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Don’t let feed shrinkage impact your bottom line

Kristin Thompson for Progressive Dairy Published on 04 April 2022

When evaluating the influencers of profitability on dairy farms, the cost of feed is typically at the top of the list for large expenditures. However, when evaluating feed costs, it is important to not overlook feed losses, which are often termed “shrink.”

This can be described as the portion of feed purchased or harvested but not fed to the animals. In other words, this is the percentage of feed that has cost you money without being consumed by the animal, improving your farm performance or increasing profitability. The amount of feed shrinkage is going to vary depending on the farm, with the typical range being 5% to 15% of total feed. However, it can be much higher if not properly managed.



To monitor feed shrinkage on your operation, you need to be able to calculate the difference between what is harvested and/or purchased and what is physically delivered to the cows. For example, if you receive a 10-tonne load of purchased supplement and feed it at a rate of 4 kilograms per head per day to 80 cows, that load of feed should last you approximately 31 days. However, if the feed is only lasting 28 days, you are looking at a feed shrinkage of 10%. When evaluated on a financial basis, and assuming feed cost per cow per day for the purchased supplement is $2.40, you are looking at a feed shrink cost of up to 24 cents per cow per day. Over a one-year period, this adds up to a loss of $87.60 per cow per year or $7,008 annually for 80 cows. Remember, this loss is from the purchased supplement alone and does not account for any shrink from other feed ingredients included in the daily diet.

The source of feed shrinkage will vary and can be the result of multiple factors such as pests, weather conditions like wind or rain, poor storage, undesired fermentation, feed refusals and inaccurate scales. Although some feed shrinkage is unavoidable, it is important to recognize areas of potential loss and take steps to minimize it:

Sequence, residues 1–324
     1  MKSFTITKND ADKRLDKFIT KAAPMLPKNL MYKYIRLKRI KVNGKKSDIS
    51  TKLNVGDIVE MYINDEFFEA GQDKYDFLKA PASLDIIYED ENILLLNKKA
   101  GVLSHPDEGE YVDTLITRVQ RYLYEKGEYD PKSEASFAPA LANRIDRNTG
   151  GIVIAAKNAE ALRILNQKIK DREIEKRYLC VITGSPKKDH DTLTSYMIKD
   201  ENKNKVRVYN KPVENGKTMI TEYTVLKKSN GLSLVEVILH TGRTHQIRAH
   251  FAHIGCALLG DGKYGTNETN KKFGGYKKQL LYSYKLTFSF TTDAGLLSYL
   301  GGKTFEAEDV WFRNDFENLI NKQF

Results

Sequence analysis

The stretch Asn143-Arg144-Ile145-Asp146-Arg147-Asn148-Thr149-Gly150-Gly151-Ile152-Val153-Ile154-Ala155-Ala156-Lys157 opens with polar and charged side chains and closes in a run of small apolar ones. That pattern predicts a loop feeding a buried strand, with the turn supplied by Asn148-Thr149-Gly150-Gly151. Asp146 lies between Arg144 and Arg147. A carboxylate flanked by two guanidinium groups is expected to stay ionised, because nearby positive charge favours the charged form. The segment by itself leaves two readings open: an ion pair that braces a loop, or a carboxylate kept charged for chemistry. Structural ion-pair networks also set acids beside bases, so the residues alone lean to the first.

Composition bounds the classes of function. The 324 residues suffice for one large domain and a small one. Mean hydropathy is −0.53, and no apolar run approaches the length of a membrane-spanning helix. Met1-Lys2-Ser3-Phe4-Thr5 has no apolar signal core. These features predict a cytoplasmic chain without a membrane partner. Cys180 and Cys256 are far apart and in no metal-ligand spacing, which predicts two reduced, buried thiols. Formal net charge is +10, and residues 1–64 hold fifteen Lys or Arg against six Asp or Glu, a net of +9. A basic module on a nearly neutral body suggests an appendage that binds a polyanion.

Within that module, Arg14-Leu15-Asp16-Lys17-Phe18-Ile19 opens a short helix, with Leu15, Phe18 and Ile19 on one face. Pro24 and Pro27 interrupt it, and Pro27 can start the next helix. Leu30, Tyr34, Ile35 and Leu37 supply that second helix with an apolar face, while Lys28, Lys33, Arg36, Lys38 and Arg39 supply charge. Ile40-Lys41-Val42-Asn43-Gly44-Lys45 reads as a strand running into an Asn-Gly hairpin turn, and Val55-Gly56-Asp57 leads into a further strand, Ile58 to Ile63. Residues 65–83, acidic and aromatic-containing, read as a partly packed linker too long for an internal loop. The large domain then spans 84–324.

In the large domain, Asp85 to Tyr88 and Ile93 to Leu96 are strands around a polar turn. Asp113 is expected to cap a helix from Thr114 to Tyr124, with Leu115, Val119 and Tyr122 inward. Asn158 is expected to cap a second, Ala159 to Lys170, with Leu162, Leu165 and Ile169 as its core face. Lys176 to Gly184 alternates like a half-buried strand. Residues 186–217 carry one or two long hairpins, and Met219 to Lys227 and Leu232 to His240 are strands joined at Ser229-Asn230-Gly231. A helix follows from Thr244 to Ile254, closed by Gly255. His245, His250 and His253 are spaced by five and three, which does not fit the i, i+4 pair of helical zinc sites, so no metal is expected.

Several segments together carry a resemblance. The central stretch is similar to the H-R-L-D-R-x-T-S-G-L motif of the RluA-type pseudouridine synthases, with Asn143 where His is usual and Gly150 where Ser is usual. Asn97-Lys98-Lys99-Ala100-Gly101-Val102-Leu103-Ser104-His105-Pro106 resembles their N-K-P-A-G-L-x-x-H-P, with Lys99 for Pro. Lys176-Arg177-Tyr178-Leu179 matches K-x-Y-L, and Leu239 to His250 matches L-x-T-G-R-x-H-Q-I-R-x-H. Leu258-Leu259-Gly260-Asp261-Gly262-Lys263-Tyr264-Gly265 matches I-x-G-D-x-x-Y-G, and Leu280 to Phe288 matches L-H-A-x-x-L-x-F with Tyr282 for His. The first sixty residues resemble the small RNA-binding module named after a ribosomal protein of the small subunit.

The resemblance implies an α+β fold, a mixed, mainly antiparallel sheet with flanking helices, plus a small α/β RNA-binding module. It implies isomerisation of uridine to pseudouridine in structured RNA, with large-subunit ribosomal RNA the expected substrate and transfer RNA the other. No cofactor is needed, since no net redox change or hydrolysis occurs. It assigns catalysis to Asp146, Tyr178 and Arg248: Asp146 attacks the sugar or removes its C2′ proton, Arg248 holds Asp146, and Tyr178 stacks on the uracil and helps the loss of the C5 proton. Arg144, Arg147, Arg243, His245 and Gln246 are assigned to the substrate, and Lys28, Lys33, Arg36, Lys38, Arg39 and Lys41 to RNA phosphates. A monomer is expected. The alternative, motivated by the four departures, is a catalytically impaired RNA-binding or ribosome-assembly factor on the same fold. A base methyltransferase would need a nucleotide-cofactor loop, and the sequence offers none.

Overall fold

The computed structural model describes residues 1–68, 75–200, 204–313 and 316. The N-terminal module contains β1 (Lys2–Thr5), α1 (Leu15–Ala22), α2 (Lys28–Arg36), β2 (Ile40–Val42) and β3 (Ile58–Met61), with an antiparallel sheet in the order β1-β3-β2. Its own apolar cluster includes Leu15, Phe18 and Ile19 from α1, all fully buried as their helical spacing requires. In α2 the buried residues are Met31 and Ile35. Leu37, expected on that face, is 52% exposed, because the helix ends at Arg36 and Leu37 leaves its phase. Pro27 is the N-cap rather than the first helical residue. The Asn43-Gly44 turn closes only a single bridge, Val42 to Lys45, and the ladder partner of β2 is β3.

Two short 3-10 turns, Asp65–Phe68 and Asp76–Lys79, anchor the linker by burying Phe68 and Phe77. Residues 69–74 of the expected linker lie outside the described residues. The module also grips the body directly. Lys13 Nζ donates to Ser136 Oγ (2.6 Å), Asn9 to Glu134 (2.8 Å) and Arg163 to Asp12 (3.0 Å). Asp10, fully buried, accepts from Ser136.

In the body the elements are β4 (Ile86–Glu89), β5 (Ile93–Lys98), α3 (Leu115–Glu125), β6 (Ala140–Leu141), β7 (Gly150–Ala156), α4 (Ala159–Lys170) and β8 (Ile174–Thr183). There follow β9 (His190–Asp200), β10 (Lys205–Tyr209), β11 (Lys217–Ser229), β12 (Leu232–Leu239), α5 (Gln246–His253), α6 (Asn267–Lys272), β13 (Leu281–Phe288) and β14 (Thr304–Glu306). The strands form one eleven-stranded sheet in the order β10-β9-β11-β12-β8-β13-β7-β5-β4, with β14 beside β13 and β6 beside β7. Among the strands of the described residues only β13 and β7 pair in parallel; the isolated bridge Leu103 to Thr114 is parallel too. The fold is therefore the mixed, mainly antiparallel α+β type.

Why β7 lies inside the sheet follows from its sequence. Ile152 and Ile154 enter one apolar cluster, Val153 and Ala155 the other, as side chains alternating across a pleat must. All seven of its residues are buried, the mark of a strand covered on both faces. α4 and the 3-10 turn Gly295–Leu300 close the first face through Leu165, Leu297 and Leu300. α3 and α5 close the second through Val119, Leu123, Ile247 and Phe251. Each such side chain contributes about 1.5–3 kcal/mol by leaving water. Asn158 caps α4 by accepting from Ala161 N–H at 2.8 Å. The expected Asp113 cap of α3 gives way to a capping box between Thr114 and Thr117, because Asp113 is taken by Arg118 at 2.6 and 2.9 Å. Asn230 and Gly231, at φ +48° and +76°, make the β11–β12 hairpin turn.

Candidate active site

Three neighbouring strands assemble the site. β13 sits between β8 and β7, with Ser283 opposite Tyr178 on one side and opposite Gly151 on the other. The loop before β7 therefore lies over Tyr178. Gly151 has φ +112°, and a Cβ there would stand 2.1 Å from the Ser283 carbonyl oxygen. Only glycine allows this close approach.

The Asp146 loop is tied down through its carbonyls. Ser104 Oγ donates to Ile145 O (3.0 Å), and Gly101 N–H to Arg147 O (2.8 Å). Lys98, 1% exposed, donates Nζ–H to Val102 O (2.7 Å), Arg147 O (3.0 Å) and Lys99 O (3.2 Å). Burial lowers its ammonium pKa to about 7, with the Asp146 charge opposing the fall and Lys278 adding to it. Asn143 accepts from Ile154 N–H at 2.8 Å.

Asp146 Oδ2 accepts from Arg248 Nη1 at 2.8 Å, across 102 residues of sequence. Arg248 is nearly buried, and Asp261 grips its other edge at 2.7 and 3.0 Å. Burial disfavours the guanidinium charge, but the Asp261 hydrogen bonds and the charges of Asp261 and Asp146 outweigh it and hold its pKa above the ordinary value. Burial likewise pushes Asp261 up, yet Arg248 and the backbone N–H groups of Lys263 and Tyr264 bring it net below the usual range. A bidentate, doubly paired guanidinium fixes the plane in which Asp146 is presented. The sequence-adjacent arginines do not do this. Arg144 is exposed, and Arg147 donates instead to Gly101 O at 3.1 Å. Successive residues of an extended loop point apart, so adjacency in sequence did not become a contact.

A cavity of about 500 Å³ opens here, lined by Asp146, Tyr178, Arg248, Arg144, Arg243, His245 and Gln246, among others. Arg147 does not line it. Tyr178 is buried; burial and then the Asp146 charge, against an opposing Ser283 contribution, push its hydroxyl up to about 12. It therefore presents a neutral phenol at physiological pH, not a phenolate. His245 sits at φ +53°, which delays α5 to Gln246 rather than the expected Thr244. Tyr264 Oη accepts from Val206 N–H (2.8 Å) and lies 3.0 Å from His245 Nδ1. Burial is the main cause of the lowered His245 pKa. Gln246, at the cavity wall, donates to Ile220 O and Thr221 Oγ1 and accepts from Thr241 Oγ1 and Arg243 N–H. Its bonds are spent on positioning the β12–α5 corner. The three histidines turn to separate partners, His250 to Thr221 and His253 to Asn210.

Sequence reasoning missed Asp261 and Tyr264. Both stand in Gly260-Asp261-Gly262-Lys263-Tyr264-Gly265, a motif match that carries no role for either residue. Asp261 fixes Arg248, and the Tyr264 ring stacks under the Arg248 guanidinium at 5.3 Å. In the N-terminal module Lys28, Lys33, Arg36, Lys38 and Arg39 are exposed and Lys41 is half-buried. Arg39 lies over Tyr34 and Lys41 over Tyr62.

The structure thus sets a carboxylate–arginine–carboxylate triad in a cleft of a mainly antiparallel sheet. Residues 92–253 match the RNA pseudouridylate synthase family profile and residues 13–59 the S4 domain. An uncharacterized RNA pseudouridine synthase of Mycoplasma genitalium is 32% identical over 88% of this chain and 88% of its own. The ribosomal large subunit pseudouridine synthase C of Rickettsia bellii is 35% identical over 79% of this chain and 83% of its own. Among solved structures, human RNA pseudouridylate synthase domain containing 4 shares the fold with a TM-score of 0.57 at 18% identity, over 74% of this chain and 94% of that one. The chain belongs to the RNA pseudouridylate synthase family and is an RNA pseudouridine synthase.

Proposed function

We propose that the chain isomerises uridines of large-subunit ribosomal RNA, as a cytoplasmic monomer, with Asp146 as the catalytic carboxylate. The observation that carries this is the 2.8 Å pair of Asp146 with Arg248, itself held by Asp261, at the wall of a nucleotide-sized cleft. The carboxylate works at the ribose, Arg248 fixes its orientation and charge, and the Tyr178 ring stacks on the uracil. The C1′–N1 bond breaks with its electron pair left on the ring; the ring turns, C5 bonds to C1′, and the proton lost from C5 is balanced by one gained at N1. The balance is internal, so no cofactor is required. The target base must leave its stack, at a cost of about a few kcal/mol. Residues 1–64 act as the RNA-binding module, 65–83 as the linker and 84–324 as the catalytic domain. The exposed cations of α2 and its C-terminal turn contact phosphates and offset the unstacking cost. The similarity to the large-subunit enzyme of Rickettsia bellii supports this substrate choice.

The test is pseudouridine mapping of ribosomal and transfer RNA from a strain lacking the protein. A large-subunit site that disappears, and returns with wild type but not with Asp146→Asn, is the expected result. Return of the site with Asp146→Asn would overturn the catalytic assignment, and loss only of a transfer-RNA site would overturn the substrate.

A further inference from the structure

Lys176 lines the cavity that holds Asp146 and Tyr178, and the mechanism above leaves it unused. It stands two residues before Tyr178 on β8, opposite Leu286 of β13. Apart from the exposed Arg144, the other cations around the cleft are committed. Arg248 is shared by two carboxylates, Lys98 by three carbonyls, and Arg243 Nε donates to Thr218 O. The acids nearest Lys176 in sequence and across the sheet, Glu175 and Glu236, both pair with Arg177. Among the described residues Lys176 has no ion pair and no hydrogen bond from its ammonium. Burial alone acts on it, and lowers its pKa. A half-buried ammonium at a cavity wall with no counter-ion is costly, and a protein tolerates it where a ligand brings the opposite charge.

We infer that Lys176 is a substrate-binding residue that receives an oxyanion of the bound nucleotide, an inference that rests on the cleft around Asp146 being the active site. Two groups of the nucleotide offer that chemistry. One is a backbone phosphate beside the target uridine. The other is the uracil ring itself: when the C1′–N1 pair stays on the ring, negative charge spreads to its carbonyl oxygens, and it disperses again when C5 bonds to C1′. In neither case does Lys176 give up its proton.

1. Harvest conditions and equipment performance will impact feed losses in the field. Equipment failure can lead to losses by leaving forage in the field or result in the improper loading of silage wagons from the chopper. Along with making sure equipment is ready for harvest season, ensuring you are harvesting at the correct moisture can further help prevent dry matter losses. If forage is not harvested at the correct moisture, this will cause undesired fermentation (too wet) or packing difficulties (too dry) during storage, leading to reduced feed quality and quantity.

2. Ensure silage is properly packed and covered to reduce storage-associated losses along with preventing damage from birds and rodents. Air removal favours anaerobic fermentation and conservation to help avoid dry matter and nutrient losses caused by undesired fermentation (i.e., yeast or clostridia) or effluent leaching.

3. Manage the face of ensiled forages stored in bunkers or silage bags to minimize losses during feedout. Remember, the key is limiting exposure to oxygen, which can be as simple as using a facer to ensure a smooth face on the silage.


4. Evaluate storage and loading locations of commodities and purchased supplements or rations. Significant losses occur when feeds are stored in commodity sheds or bins affected by wind or rain. Ensure your bins, storage containers and augers are kept clean and properly ventilated.

5. TMR mixer audits are essential to ensure mixers are in good working order. Any variance in the scale of the mixer has a significant impact on the ration fed. If the scales are incorrect and you end up feeding more ensiled forages, it will significantly affect your inventory and lead to feed shortages. Similarly, it is important to establish a scheduled maintenance plan for TMR mixers and closely monitor mix volumes and mixing times.

6. Feedbunk management is the last frontier for preventing feed shrinkage. Maintaining appropriate feed push-ups helps ensure the cows are consuming the feed that has been delivered, which in turn promotes milk production. The amount of leftover feed needs to be monitored, with the typical recommendation being 2% to 3% weighback.

7. Regularly monitor the dry matter of forages to prevent overfeeding, refusals and feed losses at the bunk.

Remember, it is important to manage and control feed shrinkage in all stages of the feed production cycle, from harvest to storage and from purchase to the feedbunk. There are multiple strategies and recommendations that can be employed to control feed shrinkage, protect your inventories and increase the performance and profitability of your operation. end mark

Kristin Thompson
  • Kristin Thompson

  • Ruminant Nutritionist
  • New-Life Mills